Also attesting to the complexity of nucleolinar function is the observation that laser microsurgery had no effect on meiosis after fertilization, but still affected the subsequent mitosis (Fig. 6). This is intriquing, and may have bearing on the differences between de novo and replicative modes of centrosome formation, at least in the zygote. Several models may explain this result, but one that is consistent with our observations and others on the early development of Spisula is that some components required for biogenesis of meiotic centrosomes are present in the cytoplasm of unactivated oocytes, and others are located in the nucleolinus. Thus, when we lasered the nucleolinus and activated oocytes with KCl, γ-tubulin–containing foci (centrosomes) formed, but apparently did not function to form a spindle. Fertilization, however, allowed sperm-derived elements to either replace maternally derived centrosomes wholesale or substitute for nucleolinar elements that normally complement the cytoplasmic components. Because laser-treated, fertilized oocytes complete meiosis but cannot subsequently undergo mitosis, either (i) sperm possess enough of these putative complementing elements for only one round of cell division, (ii) sperm-derived complementing elements still require nucleolinar input to function through multiple cell cycles, or (iii) they are suppressed by maternal factors normally present until the end of meiosis. This latter possibility is supported by the fact that, following meiosis, the original (meiotic) centrosomes in Spisula zygotes are suppressed and the job of organizing subsequent cell divisions is transferred to the replication-competent sperm-derived microtubule organizing center (MTOC) (23).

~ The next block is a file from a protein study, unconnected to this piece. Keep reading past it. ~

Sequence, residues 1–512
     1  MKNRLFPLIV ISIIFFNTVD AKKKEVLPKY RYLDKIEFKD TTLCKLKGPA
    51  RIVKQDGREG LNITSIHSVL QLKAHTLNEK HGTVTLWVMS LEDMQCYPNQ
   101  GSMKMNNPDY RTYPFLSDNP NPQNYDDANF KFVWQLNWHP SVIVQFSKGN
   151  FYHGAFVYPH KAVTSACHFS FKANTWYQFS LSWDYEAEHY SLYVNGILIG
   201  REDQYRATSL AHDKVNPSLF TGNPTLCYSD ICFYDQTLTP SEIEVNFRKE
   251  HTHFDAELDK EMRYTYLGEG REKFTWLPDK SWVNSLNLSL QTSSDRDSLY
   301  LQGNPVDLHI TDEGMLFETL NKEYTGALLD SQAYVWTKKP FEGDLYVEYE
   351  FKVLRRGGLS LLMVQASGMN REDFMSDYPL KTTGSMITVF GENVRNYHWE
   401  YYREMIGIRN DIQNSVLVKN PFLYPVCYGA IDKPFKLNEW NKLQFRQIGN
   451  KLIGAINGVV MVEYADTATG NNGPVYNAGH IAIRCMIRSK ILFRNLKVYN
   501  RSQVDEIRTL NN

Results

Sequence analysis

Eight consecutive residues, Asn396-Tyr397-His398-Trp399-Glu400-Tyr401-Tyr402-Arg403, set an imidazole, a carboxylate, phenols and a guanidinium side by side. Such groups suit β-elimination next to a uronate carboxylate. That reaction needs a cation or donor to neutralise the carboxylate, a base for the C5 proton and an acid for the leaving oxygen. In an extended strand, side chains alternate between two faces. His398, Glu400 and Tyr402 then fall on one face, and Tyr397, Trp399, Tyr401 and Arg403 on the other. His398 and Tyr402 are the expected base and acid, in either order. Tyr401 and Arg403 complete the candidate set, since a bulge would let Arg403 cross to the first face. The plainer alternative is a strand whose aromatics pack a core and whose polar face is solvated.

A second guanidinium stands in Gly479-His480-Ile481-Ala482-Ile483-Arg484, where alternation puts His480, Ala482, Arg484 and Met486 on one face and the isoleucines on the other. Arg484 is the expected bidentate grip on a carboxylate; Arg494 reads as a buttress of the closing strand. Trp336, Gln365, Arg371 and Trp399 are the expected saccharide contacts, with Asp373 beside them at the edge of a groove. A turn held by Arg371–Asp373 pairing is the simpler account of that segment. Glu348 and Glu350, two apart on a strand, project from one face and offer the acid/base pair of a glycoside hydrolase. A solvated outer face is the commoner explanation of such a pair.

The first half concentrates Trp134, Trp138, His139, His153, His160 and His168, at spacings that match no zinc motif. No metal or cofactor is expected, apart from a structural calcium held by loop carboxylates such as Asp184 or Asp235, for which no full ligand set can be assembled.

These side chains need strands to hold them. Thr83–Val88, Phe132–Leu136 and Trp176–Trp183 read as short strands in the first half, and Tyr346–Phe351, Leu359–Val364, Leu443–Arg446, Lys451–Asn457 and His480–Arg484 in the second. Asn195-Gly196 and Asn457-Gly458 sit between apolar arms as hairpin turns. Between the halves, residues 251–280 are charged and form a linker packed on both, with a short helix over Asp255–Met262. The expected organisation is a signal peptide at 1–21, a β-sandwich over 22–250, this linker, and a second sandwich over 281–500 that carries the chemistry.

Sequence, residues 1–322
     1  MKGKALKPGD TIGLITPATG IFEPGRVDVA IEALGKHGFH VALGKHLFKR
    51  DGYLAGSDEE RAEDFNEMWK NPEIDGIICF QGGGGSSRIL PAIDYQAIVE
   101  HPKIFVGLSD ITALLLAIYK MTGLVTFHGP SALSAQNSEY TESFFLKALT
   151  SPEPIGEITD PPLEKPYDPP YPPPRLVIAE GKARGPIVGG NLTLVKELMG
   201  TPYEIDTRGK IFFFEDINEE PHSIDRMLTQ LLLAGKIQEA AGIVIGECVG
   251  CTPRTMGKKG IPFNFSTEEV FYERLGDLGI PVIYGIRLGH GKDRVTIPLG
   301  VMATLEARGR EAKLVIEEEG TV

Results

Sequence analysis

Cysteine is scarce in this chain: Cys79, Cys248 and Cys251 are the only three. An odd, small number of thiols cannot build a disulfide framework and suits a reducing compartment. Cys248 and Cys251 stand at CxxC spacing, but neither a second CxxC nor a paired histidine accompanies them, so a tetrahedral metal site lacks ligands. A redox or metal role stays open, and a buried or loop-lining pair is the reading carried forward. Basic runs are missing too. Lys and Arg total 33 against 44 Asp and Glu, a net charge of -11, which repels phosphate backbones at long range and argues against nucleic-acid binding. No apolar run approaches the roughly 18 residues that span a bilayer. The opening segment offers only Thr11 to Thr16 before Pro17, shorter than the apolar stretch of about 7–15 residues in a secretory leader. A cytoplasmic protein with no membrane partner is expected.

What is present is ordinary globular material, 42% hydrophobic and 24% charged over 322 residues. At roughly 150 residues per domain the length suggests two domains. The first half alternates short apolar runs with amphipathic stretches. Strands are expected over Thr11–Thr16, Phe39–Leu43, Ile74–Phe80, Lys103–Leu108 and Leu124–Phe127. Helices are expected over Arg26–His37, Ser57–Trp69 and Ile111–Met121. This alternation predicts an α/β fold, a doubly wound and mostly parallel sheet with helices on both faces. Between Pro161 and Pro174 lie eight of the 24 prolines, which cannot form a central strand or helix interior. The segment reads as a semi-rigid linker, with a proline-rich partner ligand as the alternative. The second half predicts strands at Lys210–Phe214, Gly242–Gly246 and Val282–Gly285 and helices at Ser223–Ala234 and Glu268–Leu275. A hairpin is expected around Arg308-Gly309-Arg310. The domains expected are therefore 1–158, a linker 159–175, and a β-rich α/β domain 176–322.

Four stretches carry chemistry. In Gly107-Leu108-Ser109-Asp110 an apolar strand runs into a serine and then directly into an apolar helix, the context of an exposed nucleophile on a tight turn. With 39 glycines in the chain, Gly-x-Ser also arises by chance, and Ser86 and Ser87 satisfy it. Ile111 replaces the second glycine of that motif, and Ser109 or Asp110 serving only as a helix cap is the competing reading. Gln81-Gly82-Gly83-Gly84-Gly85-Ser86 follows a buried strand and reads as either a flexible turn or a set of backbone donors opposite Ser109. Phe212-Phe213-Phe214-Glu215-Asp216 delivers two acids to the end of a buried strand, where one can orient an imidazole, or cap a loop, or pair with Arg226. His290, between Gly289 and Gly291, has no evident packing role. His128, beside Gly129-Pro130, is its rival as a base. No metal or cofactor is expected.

Whether the nucleolinus should be considered an organelle in its own right must be evaluated using a number of criteria, including structural and functional differentiation from the nucleolus and its ubiquity in cells and across species. It may be closely apposed to, or in some cases embedded within the nucleolus, but our observations lead us to agree with Montgomery (1), Carleton (5), and others (815) that it is certainly a unique cellular compartment. Supporting this are behavioral, molecular, and functional data: (i) In meiosis as well as during cell fractionation, the nucleolinus persists as a distinct morphological entity after complete dissolution of the nucleolus transpires; (ii) the nucleolinus contains molecules (minimally, a subset of cnRNAs, ref. 21, and NLi-1 RNA) that are completely excluded from the nucleolus; and (iii) on the basis of our laser irradiation experiments in which the nucleolinus or nucleolus was targeted, the nucleolinus plays a role in cell division that is experimentally separable from nucleolar function (damaging the nucleolinus had profound effects on the cell division apparatus; damaging the nucleolus did not). This is an important point in light of studies indicating the nucleolus, beyond its well-known metabolic functions, plays a direct role in centrosome biogenesis and cell cycle regulation (24, 25). It is possible that cell division defects induced in the work of Gaulden and Perry (24) and Ugrinova et al. (25) are actually attributable to the nucleolinus. The inability to detect its presence in these and most other cell models has certainly left it unaccounted for in the interpretation of past results. Regardless of any role the nucleolus may play in cell cycle regulation, the functional relationship between the nucleolinus and cell division, speculated upon for more than a century, is presently confirmed. To know the precise physiological role of the nucleolinus will require a more thorough knowledge of the nature and fate of its macromolecular components, an area we are only beginning to explore.